A gorgeous square in the Citta Alta.

The Citta Basso (Lower Town) is also definitely worth exploring. More contemporary and criss-crossed by broad boulevards, the Lower Town is a maze of streets lined by grand buildings, offices and shops. You’ll also find most Bergamo hotels in this part of town.


The Lower Town of Bergamo.

I recommend purchasing a Bergamo Card if you’re staying in the city – and I recommend staying for at least a few days to truly enjoy this city! The Card offers free access to public transportation, museums and other attractions.

Places to eat in Bergamo

There are lots of fabulous restaurants in Bergamo which serve excellent local fare. In the Citta Alta, you can’t miss Da Mimmo. Try the hearty local specialties like polenta taragna (buckwheat polenta), casoncelli or casonsei (ravioli stuffed with meat and sage) or a pizza (the Pizza Margherita is one of the best I’ve ever had). For a great meal with a view, head to the Caffe della Funicolare in the funicular station.


Casoncelli or Casonsei.


Caffe della Funicolare.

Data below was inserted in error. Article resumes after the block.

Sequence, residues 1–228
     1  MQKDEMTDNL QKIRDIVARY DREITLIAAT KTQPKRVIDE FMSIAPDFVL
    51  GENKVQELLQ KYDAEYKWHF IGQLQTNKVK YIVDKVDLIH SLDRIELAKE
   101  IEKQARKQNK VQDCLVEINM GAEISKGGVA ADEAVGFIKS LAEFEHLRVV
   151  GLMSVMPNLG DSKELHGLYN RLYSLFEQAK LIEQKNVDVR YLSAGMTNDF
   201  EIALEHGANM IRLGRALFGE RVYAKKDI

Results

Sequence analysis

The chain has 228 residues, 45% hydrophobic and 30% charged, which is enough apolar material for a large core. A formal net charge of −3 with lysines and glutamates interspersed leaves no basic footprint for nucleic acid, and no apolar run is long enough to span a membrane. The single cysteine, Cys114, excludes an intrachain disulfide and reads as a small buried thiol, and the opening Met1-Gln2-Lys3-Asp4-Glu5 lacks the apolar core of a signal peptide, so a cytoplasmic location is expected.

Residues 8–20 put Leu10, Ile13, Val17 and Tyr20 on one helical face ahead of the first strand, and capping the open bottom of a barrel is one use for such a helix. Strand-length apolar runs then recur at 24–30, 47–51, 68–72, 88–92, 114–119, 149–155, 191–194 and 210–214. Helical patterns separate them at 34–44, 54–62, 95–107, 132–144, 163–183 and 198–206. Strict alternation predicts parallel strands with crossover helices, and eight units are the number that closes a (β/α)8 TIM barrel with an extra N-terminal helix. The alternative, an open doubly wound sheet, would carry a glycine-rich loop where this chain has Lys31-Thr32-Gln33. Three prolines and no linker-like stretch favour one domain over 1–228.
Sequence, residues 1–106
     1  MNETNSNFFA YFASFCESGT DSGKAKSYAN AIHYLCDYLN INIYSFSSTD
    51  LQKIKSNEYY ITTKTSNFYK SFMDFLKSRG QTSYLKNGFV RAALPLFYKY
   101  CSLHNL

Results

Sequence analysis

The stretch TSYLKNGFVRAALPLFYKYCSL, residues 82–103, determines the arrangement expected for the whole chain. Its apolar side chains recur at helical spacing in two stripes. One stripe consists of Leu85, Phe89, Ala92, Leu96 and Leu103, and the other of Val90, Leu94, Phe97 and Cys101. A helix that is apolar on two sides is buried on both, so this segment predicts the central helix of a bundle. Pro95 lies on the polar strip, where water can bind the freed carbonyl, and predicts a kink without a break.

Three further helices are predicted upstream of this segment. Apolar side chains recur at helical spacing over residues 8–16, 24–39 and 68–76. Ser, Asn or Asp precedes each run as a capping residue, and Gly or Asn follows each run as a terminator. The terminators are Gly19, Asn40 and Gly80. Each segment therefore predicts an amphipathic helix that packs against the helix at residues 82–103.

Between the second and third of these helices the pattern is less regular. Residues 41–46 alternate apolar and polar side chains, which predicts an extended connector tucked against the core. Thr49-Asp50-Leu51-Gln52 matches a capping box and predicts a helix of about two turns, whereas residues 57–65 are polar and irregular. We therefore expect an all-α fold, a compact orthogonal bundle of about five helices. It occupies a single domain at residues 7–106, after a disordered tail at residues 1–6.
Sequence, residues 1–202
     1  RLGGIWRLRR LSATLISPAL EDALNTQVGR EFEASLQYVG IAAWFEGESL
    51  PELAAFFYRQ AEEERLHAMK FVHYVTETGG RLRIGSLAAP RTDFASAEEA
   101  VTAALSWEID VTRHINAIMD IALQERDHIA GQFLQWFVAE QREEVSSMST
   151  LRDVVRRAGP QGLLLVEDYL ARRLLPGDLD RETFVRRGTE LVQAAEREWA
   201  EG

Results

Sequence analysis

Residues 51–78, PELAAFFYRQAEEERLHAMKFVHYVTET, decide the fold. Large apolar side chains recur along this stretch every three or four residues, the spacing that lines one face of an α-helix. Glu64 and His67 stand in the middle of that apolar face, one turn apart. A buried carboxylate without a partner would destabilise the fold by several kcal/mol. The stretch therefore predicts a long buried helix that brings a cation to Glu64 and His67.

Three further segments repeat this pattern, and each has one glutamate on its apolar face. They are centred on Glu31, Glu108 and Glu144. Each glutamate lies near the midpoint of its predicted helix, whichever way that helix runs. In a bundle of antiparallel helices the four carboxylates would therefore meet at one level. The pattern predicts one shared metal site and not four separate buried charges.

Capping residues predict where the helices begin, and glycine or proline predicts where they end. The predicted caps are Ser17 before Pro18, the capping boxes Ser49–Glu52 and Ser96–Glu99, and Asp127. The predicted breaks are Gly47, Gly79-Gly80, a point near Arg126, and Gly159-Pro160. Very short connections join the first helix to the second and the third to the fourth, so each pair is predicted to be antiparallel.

In the Citta Basso (Lower Town), one restaurant I can highly recommend is Ristoranti Giopi e Margi. I had my best meal in Bergamo in this restaurant! I especially loved the casoncelli and the risotto with porcini mushrooms (the risottos at Giopi e Margi are perfection on a plate!).


Don’t miss the cheese platter at Giopi e Margi (and the spicy fig jam that goes with it!).

For a simple (but no less delicious) meal, head for Cantiere Cucina. This tiny place in the Lower Town is short on space but big on taste! A board shows the daily specials. Order away… everything’s good!


Cantiere Cucina

Find out more about what to see and do, and where to eat at Visit Bergamo.

Note: my visit to Bergamo is part of the #inLombardia365 project, a collaboration between iambassador and Lombardy Tourism. As always, all views expressed above are mine, and mine only.

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10 Responses to “Exploring historic Bergamo”

  1. Wilbur 09/10/2017 11:46 am

    Looks fabulous, I have never been but will do now! Northern Italy is full of gems a train ride from Milan or Venice – I did a fabulous tour a couple of years back visiting Bologna, Como & Verona. You really are spoiled for choice and trains are quick & cheap. Thanks for sharing.

  2. Keith Jenkins 03/03/2016 2:41 pm

    Haha! Good one Rob! 😉

  3. Rob Hermans 02/03/2016 5:26 pm

    will need some of these marzipan apples, or pears. Yes pears will do, too….

  4. Keith Jenkins 19/02/2016 11:25 am

    Hi Claudia,
    Same here. It was my first time in Bergamo and I LOVED it! Thanks for your comment! 🙂


  5. Claudia 19/02/2016 11:07 am

    You brought back great memories! I wasn’t expecting to enjoy it so much, but I did 🙂